Wednesday, November 5, 2008

Alcohol....The Good & the Bad....

Well, just finished up a string of night shifts and things just don't get better. It amazes me how many ED visits are linked to alcohol. One night shift (a Saturday), alcohol contributed to 25% of the visits. Take for example the 30-some-year-old who fell outside of his new house after loosing his footing. He didn't have any serious (as defined by life-threatening) injuries but required a plastic surgeon to repair the multiple complex and complicated lacerations to his face and ear (and that cost him a lot, especially if his insurance didn't cover some of the expenses).

Or how about the other 20-some-year-old who was at a party at a friend's house (and I suspected "mouthed off to someone else") and ended up getting punched in the head. He fell and suffered a brief period of unconsciousness. Fortunately, both patients were awake and pleasantly drunk as opposed to the many nasty drunks who present with possible injuries and needed to be sedated for their safety, the safety of the staff and my safety. The last thing I want is getting into a nasty altercation with a nasty drunk in the ED.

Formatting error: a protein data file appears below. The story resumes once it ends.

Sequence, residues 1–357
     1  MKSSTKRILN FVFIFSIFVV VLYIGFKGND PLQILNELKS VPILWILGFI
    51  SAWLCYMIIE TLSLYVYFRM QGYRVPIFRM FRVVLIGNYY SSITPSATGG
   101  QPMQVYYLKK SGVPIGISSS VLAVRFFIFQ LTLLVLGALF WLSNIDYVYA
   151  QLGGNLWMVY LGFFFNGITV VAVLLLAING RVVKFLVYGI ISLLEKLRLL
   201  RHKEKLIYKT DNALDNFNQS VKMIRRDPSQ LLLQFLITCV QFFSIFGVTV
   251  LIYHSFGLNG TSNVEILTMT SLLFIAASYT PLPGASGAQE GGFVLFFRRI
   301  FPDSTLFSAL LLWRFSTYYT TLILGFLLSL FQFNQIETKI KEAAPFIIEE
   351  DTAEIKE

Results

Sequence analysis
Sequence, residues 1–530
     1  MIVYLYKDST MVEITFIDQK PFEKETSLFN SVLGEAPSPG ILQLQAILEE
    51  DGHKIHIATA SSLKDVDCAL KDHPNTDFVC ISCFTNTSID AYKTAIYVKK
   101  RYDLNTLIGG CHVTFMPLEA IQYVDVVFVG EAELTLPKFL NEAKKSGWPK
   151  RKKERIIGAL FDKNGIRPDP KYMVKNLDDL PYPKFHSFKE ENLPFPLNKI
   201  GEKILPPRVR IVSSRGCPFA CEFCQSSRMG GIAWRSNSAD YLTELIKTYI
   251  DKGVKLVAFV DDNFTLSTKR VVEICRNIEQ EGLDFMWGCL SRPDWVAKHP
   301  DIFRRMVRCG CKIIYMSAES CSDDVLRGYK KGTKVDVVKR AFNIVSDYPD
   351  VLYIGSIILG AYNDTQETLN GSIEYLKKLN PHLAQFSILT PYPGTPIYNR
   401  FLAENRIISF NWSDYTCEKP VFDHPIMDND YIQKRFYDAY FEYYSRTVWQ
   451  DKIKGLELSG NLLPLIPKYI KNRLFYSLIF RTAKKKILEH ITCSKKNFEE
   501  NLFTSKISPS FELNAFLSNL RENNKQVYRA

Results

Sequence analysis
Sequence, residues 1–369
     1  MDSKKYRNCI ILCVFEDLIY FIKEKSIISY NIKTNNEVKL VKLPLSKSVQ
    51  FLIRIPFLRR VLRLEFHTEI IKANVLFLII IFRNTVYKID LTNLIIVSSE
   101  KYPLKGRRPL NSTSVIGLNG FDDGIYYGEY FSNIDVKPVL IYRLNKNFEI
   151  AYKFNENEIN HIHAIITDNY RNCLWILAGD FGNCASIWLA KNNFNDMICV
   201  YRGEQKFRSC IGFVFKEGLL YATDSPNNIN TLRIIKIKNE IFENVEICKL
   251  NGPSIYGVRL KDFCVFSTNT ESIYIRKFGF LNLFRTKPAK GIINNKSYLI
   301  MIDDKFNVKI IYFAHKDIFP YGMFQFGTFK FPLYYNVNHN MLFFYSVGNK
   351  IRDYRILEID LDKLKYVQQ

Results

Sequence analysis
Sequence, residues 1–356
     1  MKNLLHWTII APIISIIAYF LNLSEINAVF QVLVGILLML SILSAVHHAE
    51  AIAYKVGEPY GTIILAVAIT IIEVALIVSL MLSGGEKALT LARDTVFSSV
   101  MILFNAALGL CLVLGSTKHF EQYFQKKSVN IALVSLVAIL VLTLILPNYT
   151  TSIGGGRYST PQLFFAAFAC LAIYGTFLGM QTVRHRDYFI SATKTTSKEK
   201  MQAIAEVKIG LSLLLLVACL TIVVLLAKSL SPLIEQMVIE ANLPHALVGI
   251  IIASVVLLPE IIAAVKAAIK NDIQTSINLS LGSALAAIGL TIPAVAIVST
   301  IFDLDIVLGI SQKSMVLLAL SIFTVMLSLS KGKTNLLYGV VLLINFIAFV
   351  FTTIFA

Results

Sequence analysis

Alcohol obviously is not limited to older folks. The same evening I had two separate teenagers come in by way of ambulance. One 16 and the other 19 (both under the legal age of drinking). Both were drunk as hell, one vomiting. When the parents arrived, they were mortified. If you have any children, you can understand getting a call from the ED saying that your child was here and not knowing what to think.

The 16 year old female had a blood alcohol of around 350. To give you some perspective the legal driving limit in most states is 0.08 or 80%, and she was over 4 times the legal limit. Fortunately, she was not driving! As a parent, I pray that I never have to deal with a call from the ED, let alone for a drunk kid. Fortunately, both kids left after giving them some IV fluids, IV medication to avoid them from vomiting again, and a period of observation.

I've had staff members and parents say, "Let them suffer, why make them feel better, teach them a lesson!" That's part of emergency medicine, treating everyone the same, and maintaining an unbiased approach to all patients. Unfortunately many physicians in the field suffer from burnout and end up becoming very jaded in their approach and treatment of patients. The day I become jaded will be the day I leave emergency medicine.

I have been a physician for approximately 20 years and despite much frustration for caring for patients in the ED, I have no intention of leaving quite yet...although the night shifts do take their toll and you often feel sorry for yourself and your life style since many in America have "9-5" jobs, weekends, and holidays off...

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